Business environment in Latvia
According to the World Bank Group, Latvia ranks 22nd out of 189 countries in terms of the ease of doing business. The country ranks in top 20 for acquiring credit for companies; in top 30 starting a business, constructing and registering real estate, ease and efficiency of paying taxes, international trading, and enforcing contracts; and in top 50 for resolving insolvency and protecting minority investors. The weakest point of Latvian business environment is by far the ease of getting electricity for newly-built real property, for which the country ranks 65th.
Overall, it could be said that Latvia is most favourable for businesses that are not planning to engage in building new infrastructure. The ease of company formation, paying taxes and getting credits make a good combination with cheap but skilled and educated workforce and low infrastructure and facilities cost. Thanks to this, Latvia is a very popular country to start a business at, especially for entrepreneurs outside of the EU, because in total, it takes a lot less investments to open a company in Latvia than in most of the other EU-member states, while the end-result (in terms of quality) is the same. The business risks for such entrepreneurs are comparatively low, provided they take note of the possible competition on the local market.
Since Latvia joined the European Union in 2004, it adopted the majority of the Union's laws and policies. One of the examples is the Schengen area agreement, which allows an unhindered international trade with other EU member-states (more about Latvian market access from EU here).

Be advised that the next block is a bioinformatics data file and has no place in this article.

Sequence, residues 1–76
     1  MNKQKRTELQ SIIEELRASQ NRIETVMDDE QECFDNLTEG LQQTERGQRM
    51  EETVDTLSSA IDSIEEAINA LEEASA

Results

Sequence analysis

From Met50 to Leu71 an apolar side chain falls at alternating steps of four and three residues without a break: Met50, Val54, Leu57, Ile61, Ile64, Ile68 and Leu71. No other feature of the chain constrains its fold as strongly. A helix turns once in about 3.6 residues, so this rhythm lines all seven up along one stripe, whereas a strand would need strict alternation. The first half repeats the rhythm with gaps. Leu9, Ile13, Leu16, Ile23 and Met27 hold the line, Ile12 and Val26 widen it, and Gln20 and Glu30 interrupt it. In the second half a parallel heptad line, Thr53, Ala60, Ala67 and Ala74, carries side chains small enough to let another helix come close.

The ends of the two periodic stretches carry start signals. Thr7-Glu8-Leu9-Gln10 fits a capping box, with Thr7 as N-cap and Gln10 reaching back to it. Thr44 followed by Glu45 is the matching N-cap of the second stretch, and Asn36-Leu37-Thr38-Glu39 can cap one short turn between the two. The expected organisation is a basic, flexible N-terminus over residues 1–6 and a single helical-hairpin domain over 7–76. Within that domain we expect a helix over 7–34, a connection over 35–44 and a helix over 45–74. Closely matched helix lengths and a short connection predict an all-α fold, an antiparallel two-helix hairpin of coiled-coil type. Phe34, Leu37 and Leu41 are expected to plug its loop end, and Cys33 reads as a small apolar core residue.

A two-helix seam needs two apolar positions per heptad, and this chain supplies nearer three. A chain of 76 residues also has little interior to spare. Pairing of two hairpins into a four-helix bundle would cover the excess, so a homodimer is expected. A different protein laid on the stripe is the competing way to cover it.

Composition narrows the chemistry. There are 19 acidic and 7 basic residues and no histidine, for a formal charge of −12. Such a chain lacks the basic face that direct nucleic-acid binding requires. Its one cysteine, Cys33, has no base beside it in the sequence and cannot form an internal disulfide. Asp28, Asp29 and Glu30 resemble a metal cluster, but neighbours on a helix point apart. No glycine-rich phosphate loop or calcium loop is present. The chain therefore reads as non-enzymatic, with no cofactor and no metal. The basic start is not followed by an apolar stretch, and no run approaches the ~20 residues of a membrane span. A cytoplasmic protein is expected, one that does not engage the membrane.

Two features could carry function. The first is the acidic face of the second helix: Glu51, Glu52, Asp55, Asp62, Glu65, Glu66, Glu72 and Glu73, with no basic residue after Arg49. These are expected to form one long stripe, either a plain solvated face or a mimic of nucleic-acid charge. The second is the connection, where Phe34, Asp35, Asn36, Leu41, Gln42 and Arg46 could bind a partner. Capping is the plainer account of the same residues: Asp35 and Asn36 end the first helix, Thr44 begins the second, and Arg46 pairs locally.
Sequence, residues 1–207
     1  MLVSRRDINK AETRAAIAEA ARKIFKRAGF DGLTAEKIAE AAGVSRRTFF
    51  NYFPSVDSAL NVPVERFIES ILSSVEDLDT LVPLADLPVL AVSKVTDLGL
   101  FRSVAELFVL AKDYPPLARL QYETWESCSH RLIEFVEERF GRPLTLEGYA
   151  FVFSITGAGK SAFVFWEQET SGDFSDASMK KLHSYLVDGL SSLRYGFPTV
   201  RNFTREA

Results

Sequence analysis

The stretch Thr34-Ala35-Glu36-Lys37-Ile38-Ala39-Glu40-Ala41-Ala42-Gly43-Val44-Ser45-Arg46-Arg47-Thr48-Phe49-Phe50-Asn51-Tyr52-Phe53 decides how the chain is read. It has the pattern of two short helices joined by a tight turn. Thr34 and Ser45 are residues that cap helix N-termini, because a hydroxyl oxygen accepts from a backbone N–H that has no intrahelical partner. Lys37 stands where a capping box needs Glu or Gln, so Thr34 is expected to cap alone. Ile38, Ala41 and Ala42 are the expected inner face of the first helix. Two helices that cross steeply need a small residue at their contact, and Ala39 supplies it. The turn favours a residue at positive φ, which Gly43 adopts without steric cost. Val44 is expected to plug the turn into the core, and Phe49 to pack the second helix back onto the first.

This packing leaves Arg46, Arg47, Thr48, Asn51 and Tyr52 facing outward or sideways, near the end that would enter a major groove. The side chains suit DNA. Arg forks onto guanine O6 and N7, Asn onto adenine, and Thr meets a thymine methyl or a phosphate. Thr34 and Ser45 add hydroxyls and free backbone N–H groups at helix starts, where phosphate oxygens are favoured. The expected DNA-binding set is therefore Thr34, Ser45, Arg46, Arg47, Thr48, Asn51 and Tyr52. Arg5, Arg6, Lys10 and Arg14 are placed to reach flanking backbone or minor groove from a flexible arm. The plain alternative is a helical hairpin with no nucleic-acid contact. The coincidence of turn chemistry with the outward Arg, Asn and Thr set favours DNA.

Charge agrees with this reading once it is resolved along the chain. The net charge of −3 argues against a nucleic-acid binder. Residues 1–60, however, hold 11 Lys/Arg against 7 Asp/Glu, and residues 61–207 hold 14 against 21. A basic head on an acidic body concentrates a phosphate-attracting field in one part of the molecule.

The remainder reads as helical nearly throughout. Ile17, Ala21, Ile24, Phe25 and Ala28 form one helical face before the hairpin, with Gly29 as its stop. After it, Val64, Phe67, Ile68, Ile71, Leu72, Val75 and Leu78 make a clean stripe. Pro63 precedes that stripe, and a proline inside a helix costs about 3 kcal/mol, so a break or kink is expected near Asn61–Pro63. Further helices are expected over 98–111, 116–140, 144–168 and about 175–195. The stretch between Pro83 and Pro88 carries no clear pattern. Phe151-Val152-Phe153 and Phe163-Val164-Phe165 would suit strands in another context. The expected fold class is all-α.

Latvian policies favour free-market and accordance with EU policies. Some analytics classify Latvian legislation as conservative, meaning that new policies take a long time to be accepted by the government, and they are generally treated with caution. The exception in this case are legislative initiatives proposed by the EU. Latvia strives to be an active member of the European economic area, trying to adapt its policies to European standards.
Most of the businesses are concentrated in the capital of Latvia, Riga, and the cities surrounding it. Other major cities are often devoted to a particular market sectors, e.g. the port cities of Ventspils and Liepāja provide ice-free ports (read more about the logistics in Latvia), while Daugavpils is an important railroad hub.
Cities of regional importance also play their part in the economic environment of Latvia. The city of Rezekne, for example, is where the Rezekne Free Economic Zone is located. The FEZ contributes to the development of the region, attracting companies with up to 100% real estate tax relief, corporate tax relief of 80% and the return of investment cost by tax incentives of up to 55%. Rezekne is also an important railroad hub.
The most urbanized regions of Latvia are the central, Eastern and Westerns regions. It must be noted, though, that if the central region is thoroughly urban, the East and the West are urban in the sense that the majority of population lives near major cities, with pockets of rural areas in-between. The Southern and the North-Eastern regions are mostly rural.
Latvia is a free market economy, meaning that economic policies are aimed to lessen government intervention and prevent the creation of monopolies. According to the Wall Street Journal and the Heritage Foundation, Latvia is world's 37th most free economy. Latvia's score in this case is upheld by the high levels of fiscal, trade, investment and business freedoms, but is somewhat dragged down by corruption and government spending.
In Europe, Latvia takes up the 17th place in the rank of market freedom. This position becomes stronger and stronger each year, as Latvia takes steps to integrate into the European economic zone and be on par with major member-states.